Methods for detecting breast cancer are evolving as new technology provides a wider range of options for screening and definitive diagnosis. In addition to mammography and physical examination, screening techniques now include ultrasonography, technetium-99m sestamibi nuclear scanning, and magnetic resonance imaging.
Methods for detecting breast cancer are evolving as new technology provides a wider range of options for screening and definitive diagnosis. In addition to mammography and physical examination, screening techniques now include ultrasonography, technetium-99m sestamibi nuclear scanning, and magnetic resonance imaging. Despite the availability of these newer modalities, physical examination and screening mammography remain the standards for detecting suspicious breast abnormalities.
Core-needle biopsy has been used for many years by surgeons to evaluate palpable breast abnormalities and is now a well-accepted technique for the definitive diagnosis of breast carcinoma. With this procedure, sufficient tissue can be obtained to perform histologic studies and determine hormone-receptor status. The diagnostic accuracy of core-needle biopsy exceeds that of fine-needle aspiration cytology, which carries a false-negative rate of approximately 15% and a false-positive rate of approximately 0.5%.
Refinements in breast ultrasound and stereotactic imaging have now led to image-guided core-needle biopsy. Drs. Dershaw and Liberman are to be complimented for presenting a thorough review of the literature on the indications and results of stereotactic core-needle biopsy. As with many articles on this subject, the authors point out the "advantages" of stereotactic biopsy over open surgical biopsy.
According to the authors, one "advantage" is the ability to streamline the evaluation process by eliminating the need for evaluation of the patient by the surgeon prior to stereotactic biopsy. Eliminating prebiopsy physical examination by an experienced breast surgeon is not necessarily desirable, for several reasons:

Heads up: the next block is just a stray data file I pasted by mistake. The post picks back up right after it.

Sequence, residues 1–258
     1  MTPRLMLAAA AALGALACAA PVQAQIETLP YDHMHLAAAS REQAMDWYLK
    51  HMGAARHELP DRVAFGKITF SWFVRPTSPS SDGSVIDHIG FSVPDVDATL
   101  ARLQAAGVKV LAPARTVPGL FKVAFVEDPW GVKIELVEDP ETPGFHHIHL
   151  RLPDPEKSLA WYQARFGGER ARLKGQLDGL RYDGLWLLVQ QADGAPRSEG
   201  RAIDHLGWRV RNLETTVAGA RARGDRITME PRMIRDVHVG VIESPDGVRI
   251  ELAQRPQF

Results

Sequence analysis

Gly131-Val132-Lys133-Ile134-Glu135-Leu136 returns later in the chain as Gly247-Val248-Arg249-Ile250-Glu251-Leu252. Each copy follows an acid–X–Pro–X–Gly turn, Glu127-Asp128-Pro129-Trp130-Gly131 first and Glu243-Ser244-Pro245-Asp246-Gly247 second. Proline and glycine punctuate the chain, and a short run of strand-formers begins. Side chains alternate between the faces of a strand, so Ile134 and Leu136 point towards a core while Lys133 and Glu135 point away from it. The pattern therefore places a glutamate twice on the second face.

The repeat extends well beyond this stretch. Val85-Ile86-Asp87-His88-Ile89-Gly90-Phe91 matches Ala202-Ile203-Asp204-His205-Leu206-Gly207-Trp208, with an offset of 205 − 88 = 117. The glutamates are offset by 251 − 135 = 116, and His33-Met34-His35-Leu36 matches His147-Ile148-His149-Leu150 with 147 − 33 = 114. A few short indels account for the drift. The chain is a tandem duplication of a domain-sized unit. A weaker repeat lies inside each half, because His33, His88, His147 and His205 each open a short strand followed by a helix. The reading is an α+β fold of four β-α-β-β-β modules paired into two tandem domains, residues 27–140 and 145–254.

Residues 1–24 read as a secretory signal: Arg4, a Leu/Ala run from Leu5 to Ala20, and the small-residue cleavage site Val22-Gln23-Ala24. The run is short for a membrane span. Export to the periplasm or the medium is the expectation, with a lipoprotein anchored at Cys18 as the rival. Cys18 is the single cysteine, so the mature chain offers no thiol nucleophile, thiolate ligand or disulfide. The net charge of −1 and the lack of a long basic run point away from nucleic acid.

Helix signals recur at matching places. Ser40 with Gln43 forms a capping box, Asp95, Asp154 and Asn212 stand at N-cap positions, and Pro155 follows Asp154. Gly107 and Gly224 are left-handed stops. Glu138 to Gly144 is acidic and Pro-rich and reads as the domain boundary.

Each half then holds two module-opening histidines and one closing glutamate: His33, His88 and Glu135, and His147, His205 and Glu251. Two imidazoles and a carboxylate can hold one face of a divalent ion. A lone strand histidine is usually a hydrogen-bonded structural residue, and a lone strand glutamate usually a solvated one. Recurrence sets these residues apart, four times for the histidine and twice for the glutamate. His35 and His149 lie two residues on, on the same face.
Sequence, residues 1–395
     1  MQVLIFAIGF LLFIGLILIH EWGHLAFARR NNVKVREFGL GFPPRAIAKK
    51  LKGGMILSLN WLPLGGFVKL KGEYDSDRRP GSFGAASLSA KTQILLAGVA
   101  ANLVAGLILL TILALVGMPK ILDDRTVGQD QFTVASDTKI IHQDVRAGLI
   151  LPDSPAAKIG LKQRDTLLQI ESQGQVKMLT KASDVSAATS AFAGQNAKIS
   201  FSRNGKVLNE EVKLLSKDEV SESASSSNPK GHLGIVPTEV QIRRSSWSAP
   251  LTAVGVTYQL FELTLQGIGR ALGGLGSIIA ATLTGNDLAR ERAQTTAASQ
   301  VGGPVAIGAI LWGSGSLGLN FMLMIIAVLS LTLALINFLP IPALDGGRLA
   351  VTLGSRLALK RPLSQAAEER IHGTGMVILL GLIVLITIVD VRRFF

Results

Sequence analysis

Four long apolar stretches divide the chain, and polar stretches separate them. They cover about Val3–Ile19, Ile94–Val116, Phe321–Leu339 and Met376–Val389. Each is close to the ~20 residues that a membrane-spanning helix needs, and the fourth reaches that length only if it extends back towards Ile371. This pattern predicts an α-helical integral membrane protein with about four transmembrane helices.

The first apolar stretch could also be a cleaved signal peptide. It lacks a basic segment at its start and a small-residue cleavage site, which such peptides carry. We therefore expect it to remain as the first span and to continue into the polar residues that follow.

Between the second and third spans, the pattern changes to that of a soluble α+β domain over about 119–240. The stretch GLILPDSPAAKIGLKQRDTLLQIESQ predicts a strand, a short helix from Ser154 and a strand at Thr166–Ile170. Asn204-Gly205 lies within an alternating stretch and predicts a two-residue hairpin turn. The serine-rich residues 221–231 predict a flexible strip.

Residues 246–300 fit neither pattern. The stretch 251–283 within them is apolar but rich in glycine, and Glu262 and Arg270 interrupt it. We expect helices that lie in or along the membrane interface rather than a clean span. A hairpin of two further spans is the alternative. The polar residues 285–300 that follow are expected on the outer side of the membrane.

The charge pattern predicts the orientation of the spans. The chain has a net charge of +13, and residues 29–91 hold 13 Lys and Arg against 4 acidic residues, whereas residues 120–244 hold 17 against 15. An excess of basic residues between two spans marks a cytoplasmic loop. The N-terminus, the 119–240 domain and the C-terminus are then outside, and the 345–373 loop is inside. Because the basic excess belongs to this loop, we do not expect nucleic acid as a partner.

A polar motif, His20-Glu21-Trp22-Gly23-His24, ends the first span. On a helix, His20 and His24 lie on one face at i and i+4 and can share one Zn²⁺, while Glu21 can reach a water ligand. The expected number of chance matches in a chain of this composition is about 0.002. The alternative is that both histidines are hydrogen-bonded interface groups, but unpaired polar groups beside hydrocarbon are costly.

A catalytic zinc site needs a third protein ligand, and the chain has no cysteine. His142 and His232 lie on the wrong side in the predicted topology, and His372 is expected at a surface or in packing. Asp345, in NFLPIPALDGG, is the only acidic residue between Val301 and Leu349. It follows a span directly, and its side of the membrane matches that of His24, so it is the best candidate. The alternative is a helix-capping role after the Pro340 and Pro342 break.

1) A significant number of mass lesions initially detected on screening mammogram are palpable on direct physical examination, and these lesions can be further evaluated by palpation-guided biopsy at a lower cost than stereotactic biopsy.
2) Hematoma formation following stereotactic biopsy, which occurs in 2% to 5% of patients, impairs the surgeon’s ability to judge the size of lumpectomy required in breast-conserving therapy.
3) Prebiopsy discussion with the surgeon allows the patient to receive more complete information regarding the choice of biopsy procedure.
Thus, the potential benefits of a thorough prebiopsy evaluation by the surgeon outweigh any advantage in time savings afforded by stereotactic biopsy.
The authors also state that there can be long delays in obtaining pathologic reports following surgical biopsy, leading to increased patient anxiety. Such delays are likely a function of institutional obstacles, as no medical reason exists to preclude timely diagnosis following surgical biopsy.
Retrospective reports have noted higher satisfaction and less pain with stereotactic biopsy than with open biopsy.[1,2] This finding was not borne out in a prospective evaluation performed at Texas A&M University Health Science Center. We saw no differences between 51 women who underwent an open biopsy and 52 who had stereotactic biopsy with regard to patient satisfaction, procedural pain, or return to activities following biopsy.
The accuracy of stereotactic biopsy approaches that of open biopsy, with a few recognized pathologic exceptions. Dershaw and Liberman correctly point out that biopsy results that are discordant with the physical examination and mammographic findings raise the concern that a lesion may have been missed. Reports of carcinoma in situ, atypical ductal hyperplasia, and radial scar on stereotactic biopsy also should be viewed with caution and should prompt performance of an open biopsy to rule out invasive carcinoma. All patients, regardless of the type of biopsy that they received, should return in 6 months for a follow-up examination and mammogram to provide a new baseline and ensure that the abnormality has not progressed.
Although stereotactic biopsy has a few recognized limitations, it is one of several acceptable options for diagnosing breast cancer. As is the case for the expanded options for treating breast cancer, patients can play an increased role in the selection of biopsy type. It is important that patients are educated about the various biopsy types so that they can make an informed decision as to which technique will best serve their needs.
1. Parker SH, Burbank F, Jackman FJ, et al: Percutaneous large core breast biopsy: A multi-institutional study. Radiology 193:359-364, 1994.
2. Liberman L, Fahs MC, Dershaw DD, et al: Impact of stereotaxic core breast biopsy on cost of diagnosis. Radiology 195:633-637, 1995.
3. Frazee RC, Roberts JW, Symmonds RE, et al: Open vs stereotactic breast biopsy. Am J Surg 172:491-493, 1996.